Convoys and Counterterrorism: Islamic Care in Times of (In)Security
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Convoys and Counterterrorism: Islamic Care in Times of (In)Security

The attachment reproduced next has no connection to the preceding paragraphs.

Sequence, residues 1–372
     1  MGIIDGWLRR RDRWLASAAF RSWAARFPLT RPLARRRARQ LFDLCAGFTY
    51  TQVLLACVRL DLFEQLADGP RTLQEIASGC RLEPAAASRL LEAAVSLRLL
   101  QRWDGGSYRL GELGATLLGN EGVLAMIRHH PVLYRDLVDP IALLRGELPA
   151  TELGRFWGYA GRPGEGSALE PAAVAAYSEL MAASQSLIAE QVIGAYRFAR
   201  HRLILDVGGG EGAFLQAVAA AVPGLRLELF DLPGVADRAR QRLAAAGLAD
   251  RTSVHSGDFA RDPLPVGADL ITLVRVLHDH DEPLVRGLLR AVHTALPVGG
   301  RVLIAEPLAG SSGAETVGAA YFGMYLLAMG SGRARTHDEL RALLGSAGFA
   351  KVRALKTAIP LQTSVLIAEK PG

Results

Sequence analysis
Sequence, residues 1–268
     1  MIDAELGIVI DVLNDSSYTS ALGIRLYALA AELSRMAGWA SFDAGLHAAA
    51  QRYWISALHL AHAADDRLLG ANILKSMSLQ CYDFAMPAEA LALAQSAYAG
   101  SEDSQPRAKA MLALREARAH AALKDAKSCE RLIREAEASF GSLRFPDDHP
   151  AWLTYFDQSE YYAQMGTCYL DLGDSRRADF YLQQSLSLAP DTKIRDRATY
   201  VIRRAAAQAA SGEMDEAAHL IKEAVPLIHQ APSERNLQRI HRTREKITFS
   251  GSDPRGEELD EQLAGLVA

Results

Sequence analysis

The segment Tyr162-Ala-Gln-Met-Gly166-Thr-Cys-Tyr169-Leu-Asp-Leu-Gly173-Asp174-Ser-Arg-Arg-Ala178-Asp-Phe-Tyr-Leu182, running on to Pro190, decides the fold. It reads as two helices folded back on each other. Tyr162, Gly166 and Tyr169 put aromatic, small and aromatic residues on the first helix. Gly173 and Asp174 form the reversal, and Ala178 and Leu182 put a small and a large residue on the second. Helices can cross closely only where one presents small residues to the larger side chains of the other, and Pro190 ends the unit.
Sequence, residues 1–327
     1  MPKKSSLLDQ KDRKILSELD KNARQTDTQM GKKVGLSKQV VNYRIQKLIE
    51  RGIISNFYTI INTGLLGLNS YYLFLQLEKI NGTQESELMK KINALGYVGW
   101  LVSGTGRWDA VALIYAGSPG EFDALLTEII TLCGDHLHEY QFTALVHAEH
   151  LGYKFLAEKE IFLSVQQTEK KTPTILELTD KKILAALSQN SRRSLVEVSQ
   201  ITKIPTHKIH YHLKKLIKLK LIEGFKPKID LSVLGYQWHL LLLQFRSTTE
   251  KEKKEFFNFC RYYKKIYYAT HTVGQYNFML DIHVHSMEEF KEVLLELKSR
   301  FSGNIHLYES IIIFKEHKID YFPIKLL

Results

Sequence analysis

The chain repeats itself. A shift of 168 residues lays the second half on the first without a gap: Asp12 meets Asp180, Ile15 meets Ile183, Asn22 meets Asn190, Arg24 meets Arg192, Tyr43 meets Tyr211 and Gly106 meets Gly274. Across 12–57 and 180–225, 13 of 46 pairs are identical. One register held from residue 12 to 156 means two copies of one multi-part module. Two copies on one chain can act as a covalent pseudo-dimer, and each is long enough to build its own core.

“Convoys and Counterterrorism” is an ethnography of transnational affiliation—of ethical affinities in a time of war and subjugation. Drawing from sixteen months of fieldwork between 2016 and 2019, I follow British Muslim volunteers either involved in or deeply attentive to the Syrian uprising, exploring direct aid convoys and other practices of care as means by which Islamic ethical traditions inhabit and challenge a securitized present. On one hand, the aid work at the center of this dissertation is enabled by the power of British passports and the transnational mobility they facilitate. On the other, Britain’s security apparatus severely constricts the ecosystem of relief between Syria and London. I follow this tension by analyzing the forms of reasoning that divide charity from what the UK Home Office criminalizes as “abuse of charity for terrorist purposes.” By studying what the state admits and excludes from the purview of charity, I trace how it coheres as a concept and practice in our securitized order, marked by the War on Terror. In this vein, my dissertation considers the conflation of Muslim aid worker and Muslim militant beyond discussions of government bias or misrepresentations of a religious minority. Rather, I argue that this ambiguity demonstrates the ambivalent place occupied by Islamic voluntarism within the rubric of charity. Since 2013, media and state characterizations of British Muslim aid efforts in Syria have relied on the linked scripts of security and humanitarianism. These frames fail to capture the ethical stakes that propel many Muslims engaged in transnational projects of care. While volunteers’ investments are indeed shaped by humanitarian reasoning and the War on Terror’s juridical constraints, their sensibilities and felt obligations are irreducible to these logics. Thus, approaching the Syrian war from the oblique gaze of Islamic Britain, I locate Muslim investment in the uprising both transregionally—in the surveilled pathways of aid and jihad between the Levant and an increasingly populist Europe—and also theologically, within the heterogeneous moral universe of the umma (global Muslim community). As such, my scholarship contributes to an anthropology of Muslim worlds that looks beyond the conventional narratives of geopolitics and the methodological impulse of historicism.

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